Five options for a community greenhouse

Food may be a secondary benefit of community supported agriculture.

Food may be a secondary benefit of community supported agriculture. Culture, community building, local business based local resources and alternative workplaces offer benefits that can far outweigh the food production. This case study explored scenarios for a community oriented production space that was being developed by a local public authority.

The City of Brussels launched “Food for change”, a project to develop urban agriculture within its dense urban fabric. The aim is to focus on local, short supply chain production of food. For this, the closest possible market gardeners and suppliers were targeted. Within the framework of an urban renewal program (Contrat de Quartier Durable Bockstael) a potential production site, a greenhouse, had been identified but the exact function of this site and how it would be managed in the long-term was unclear.

 

This raised a series of questions about the very nature of food. Is food production in cities simply about substance? Or should urban agriculture also involve an element of community and culture? These questions could radically change the form and function of the greenhouse.

 

In a project commissioned by the City of Brussels, we coordinated a participative process to define what kinds of community based agricultural projects could be activated on the site, what kind of infrastructure would be needed and develop a business plan for the realisation of the project.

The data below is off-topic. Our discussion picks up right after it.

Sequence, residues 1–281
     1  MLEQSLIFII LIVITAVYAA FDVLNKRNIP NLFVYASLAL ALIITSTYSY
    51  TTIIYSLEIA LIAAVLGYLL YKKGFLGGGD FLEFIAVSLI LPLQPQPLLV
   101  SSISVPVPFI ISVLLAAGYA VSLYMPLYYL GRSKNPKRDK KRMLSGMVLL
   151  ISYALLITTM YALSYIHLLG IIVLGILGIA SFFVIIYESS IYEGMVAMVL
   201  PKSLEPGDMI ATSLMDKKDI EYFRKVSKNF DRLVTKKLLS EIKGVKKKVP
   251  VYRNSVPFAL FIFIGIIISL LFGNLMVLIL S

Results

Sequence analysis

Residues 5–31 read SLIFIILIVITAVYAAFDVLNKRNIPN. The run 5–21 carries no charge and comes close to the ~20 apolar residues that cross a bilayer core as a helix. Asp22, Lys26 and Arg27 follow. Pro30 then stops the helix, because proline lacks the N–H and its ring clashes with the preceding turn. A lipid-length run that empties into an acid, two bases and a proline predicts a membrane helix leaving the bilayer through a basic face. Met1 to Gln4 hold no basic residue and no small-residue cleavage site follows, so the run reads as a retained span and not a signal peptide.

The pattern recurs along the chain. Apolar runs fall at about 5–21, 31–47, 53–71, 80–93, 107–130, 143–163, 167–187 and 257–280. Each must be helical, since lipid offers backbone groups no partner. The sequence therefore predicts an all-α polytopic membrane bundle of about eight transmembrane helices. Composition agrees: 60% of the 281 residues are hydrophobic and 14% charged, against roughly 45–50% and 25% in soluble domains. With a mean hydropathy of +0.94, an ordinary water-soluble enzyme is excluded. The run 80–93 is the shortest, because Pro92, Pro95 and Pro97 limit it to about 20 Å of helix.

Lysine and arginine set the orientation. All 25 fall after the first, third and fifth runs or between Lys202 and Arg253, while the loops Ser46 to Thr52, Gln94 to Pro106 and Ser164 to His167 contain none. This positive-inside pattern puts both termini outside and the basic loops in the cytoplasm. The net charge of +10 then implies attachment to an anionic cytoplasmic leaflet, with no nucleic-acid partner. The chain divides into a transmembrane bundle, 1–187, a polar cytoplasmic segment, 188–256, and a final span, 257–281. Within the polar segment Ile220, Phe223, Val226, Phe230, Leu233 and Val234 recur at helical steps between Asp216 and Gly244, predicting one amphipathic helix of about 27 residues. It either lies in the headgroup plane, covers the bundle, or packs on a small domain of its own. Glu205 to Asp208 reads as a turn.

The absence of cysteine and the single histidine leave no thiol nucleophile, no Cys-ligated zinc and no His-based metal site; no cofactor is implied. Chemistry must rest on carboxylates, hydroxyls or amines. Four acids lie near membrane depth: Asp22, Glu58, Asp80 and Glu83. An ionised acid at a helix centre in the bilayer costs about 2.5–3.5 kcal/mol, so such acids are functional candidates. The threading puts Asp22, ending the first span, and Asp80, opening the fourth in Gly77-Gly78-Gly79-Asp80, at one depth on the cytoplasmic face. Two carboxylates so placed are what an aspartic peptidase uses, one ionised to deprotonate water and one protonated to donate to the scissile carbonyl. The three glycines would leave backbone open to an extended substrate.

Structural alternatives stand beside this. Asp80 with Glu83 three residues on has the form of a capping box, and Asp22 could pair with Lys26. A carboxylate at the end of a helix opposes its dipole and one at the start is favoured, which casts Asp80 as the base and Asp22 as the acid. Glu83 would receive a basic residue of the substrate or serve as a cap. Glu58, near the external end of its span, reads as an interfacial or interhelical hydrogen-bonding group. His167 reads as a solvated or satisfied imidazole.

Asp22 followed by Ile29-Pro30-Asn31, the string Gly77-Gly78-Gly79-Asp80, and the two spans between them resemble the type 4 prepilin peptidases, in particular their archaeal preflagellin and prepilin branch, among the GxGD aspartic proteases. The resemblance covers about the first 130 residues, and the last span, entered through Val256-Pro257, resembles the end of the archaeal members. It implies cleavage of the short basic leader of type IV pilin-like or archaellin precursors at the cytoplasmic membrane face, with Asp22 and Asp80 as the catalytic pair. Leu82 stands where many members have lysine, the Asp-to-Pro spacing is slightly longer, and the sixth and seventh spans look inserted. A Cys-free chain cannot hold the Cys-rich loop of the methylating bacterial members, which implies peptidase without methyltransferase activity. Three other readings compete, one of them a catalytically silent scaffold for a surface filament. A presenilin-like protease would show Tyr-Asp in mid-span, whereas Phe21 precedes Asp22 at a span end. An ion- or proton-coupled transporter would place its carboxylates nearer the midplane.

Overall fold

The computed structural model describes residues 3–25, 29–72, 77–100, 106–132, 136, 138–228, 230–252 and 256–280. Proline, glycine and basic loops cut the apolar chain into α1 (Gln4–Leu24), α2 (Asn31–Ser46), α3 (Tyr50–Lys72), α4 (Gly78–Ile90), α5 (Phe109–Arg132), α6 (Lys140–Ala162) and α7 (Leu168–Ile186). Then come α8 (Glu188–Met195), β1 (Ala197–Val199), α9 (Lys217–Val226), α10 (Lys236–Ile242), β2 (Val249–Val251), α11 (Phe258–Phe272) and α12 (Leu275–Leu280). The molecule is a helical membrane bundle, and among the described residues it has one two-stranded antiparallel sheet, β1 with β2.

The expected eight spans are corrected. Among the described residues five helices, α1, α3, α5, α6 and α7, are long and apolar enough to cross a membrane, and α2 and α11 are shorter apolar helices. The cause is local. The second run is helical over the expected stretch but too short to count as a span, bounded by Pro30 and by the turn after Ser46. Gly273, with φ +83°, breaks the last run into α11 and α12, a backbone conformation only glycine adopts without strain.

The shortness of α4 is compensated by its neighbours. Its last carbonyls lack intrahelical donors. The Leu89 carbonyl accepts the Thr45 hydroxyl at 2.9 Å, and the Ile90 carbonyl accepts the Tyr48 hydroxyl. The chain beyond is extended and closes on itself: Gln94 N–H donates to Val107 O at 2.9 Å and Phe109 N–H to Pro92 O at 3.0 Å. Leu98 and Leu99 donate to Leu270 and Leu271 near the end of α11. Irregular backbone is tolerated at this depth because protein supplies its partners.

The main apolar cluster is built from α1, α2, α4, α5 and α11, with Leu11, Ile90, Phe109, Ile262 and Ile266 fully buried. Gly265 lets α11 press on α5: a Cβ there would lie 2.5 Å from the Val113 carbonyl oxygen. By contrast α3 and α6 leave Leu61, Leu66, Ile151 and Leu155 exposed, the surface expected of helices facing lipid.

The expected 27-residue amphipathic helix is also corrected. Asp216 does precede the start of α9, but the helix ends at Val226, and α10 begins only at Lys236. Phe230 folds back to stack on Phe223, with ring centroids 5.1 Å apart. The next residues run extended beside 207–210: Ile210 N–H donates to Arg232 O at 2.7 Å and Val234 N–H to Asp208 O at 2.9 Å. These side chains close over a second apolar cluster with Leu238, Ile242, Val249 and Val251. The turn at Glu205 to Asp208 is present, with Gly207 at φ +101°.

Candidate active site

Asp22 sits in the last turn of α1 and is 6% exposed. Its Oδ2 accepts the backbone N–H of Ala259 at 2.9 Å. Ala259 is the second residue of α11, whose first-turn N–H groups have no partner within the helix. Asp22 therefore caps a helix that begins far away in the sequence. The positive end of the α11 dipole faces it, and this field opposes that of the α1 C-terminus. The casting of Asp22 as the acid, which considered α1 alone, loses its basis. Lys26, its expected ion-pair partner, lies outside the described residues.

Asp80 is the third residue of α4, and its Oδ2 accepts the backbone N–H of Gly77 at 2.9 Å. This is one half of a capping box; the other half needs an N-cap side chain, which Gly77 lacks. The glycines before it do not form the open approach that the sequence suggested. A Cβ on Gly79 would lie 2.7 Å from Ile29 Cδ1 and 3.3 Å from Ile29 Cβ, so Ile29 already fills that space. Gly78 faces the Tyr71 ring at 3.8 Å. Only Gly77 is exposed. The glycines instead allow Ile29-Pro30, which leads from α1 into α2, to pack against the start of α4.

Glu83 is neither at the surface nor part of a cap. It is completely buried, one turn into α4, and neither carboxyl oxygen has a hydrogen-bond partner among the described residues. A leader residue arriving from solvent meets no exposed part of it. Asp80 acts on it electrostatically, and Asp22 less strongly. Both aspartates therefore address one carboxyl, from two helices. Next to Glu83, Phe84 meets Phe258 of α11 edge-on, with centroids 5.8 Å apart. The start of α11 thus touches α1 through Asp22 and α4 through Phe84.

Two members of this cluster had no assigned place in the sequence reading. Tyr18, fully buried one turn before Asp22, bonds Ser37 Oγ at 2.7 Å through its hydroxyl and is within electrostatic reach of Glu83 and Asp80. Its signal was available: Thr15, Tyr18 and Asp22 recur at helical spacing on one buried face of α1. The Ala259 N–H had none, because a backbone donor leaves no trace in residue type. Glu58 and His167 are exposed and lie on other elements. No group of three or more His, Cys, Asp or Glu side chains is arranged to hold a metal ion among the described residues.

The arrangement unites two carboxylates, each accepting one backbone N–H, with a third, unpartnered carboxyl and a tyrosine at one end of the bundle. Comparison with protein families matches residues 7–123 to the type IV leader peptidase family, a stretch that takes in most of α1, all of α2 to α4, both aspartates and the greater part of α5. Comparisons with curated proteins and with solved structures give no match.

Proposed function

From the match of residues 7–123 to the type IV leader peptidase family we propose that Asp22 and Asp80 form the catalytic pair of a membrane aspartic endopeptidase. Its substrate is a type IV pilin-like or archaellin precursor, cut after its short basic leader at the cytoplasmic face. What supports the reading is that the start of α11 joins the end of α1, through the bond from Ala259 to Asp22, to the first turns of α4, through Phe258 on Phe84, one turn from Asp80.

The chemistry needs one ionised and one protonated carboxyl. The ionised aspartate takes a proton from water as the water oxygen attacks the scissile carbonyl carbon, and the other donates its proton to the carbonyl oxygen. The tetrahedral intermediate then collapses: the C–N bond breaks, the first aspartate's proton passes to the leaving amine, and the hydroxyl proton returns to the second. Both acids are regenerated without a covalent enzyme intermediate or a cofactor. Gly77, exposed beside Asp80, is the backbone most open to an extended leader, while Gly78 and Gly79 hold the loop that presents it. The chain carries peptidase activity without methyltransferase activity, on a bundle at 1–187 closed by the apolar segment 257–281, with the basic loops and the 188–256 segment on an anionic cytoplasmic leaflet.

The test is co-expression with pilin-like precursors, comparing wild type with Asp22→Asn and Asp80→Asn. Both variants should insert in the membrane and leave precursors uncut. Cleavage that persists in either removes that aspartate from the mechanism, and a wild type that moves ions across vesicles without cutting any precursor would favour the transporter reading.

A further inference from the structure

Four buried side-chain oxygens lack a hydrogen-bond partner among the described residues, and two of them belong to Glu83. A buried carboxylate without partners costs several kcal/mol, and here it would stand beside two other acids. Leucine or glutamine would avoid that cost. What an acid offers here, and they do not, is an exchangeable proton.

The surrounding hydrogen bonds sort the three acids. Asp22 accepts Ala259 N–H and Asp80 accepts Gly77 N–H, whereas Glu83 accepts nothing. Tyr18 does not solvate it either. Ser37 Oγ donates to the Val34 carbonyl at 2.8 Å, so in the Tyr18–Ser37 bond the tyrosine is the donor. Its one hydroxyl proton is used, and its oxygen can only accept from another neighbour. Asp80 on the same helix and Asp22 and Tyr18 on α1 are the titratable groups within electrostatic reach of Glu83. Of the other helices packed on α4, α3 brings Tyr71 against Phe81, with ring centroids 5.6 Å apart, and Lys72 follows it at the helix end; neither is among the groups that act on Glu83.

Case study

Project: Serre de Bockstael

Client: City of Brussels

Year: 2020

Location: Brussels

 

Team: Hanne Van Reusel. Stephan Kamplemann

Sector: Public space & community, production

Services: Vision

Interviews, focus groups and public exhibitions were the main modalities for feedback. Firstly, the project involved reaching out to local organisations actively involved in urban agriculture to identify how this site could support existing initiatives. Secondly, it involved looking at how neighbours and local inhabitants would react to scenarios of how the site could be used.

 

As the end-use remained unclear until the project was built, it was important not to over-promise any ideas to the neighbours and local residents. We therefore created a series of abstract sketches to define the general mood, without showing a resolved design. This meant that the design concepts could be presented to the community, yet they remained conceptual and local residents did not feel threatened. Four scenarios emerged:

 

  1. A greenhouse for in-ground food production.
  2. A community plant nursery.
  3. A plant production space for temperate crops (above ground).
  4. A food processing space.
  5. A community café.
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As an organisation was sought to activate the space, the scenarios also gave the community a chance to independently put forward proposals. Osmos developed a business plan for the planned greenhouse and provided input to adapt the outline of the plans according to the needs of its future users.

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